Friday, April 23, 2010

47 Presents

Opening - Thursday April 22-25 2010
Performance - Monday April 26 2010
Finale - Tuesday April 27-30 2010

47’s Interns, the emerging curator Erin Trezise and artist Megan Blandford-Lewis, explore shadow as a mark-making medium while commenting on their roles as interns, in the three part exhibition In-Turn: Pushing Paper. Investigating memory and the ways in which traces of the self can be left behind, on purpose or unknowingly, Trezise and Blandford-Lewis play with the desire to record one's presence while using light.

“The viewer's participation plays a vital role in the evolution of this process-based exhibition. We want the viewer to consider the layers of 47 - the spatial changes of shows past and the human mark of working within the building. By exploring these layers we encourage viewer engage in the notion that this type of mark-making act is a valid documentation process in recalling each stratum of the space. We will create a process for remembrance, while acknowledging the fleeting nature of memory.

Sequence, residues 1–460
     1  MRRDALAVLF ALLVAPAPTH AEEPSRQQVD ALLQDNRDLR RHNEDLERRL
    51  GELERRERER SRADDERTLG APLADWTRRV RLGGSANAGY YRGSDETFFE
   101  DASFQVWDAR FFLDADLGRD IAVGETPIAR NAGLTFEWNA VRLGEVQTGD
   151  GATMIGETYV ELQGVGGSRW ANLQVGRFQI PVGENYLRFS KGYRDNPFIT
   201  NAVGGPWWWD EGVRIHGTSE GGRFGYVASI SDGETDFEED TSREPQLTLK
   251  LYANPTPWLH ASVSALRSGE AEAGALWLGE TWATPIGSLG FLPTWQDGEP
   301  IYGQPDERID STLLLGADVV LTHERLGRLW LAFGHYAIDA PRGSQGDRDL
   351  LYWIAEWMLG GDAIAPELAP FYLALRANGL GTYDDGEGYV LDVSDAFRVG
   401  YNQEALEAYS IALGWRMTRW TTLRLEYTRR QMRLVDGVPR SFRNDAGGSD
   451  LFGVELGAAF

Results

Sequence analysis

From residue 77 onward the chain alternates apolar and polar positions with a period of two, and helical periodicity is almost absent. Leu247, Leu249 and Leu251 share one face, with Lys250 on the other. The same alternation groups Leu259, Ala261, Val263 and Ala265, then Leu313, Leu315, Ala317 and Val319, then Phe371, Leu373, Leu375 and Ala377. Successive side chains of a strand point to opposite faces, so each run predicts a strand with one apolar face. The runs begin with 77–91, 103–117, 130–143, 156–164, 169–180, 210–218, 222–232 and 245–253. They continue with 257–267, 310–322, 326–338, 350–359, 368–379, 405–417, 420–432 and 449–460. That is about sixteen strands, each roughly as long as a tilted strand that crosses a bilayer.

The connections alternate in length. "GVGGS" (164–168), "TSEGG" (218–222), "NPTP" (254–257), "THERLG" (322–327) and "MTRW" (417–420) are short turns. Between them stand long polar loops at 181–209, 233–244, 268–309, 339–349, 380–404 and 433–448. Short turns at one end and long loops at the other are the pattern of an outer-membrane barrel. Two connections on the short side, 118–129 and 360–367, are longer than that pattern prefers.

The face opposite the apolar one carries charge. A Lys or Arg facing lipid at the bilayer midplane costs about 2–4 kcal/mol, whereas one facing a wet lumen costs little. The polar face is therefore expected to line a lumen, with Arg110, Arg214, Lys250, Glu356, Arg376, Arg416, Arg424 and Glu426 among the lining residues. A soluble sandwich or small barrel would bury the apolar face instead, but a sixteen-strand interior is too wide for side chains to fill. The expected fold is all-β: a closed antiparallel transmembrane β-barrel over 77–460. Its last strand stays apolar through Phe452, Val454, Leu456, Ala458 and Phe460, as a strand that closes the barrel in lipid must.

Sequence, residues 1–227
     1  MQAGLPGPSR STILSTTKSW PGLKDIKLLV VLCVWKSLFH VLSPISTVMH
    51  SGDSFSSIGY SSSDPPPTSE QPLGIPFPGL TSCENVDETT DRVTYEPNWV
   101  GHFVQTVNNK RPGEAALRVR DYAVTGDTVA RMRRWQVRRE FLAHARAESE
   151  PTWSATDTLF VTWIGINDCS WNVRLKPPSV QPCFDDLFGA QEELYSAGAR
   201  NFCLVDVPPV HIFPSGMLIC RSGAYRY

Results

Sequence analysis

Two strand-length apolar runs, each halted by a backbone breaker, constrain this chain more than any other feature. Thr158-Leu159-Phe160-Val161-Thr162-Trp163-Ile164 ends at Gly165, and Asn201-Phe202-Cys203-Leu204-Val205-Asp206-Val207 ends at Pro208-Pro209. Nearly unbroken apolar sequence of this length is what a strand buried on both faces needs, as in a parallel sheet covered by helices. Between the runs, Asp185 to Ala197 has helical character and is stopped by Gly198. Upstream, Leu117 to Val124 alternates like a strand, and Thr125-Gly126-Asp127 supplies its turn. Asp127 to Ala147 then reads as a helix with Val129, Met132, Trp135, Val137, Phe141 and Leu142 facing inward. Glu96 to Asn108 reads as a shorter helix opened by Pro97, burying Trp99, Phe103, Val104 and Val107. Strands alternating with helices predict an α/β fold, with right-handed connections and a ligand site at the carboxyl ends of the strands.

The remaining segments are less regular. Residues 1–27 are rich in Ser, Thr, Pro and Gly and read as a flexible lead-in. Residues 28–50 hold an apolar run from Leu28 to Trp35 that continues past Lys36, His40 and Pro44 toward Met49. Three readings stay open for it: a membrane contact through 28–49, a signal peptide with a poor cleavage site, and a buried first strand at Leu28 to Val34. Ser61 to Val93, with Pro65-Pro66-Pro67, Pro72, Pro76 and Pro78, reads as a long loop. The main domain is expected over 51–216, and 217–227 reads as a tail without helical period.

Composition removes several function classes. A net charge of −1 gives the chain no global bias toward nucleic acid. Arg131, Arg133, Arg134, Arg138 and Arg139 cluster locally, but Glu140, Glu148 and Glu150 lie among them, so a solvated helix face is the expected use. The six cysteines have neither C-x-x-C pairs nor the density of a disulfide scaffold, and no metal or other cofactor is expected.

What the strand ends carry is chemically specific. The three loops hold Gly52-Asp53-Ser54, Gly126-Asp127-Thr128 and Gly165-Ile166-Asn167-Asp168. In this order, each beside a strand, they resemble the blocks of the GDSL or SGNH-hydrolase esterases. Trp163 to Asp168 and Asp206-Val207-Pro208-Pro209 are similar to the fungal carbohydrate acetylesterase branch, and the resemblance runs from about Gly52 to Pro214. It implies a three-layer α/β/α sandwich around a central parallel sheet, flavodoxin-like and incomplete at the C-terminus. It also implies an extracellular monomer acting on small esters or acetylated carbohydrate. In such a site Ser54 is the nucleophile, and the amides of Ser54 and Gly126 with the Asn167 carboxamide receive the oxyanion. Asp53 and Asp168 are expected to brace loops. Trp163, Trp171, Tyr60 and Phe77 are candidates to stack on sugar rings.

As we paper the walls we provide a base for shadow to become a body-made mark. The audience interaction in the space becomes paramount, and the walls of 47 become impressionable. This visual moment of the shadow represents a memory and provides physical evidence of the viewer, albeit temporary.

During the second stage we will methodically transform the drawing paper into filed documents, creating the final piece of the exhibition, our version of the show catalogue. The 263 files represent the number of days we have been Interns at 47. Their objectivity plays with notion of the intern. As our role in the gallery is somewhat behind the scenes, the undoing of the paper is an important act to be seen.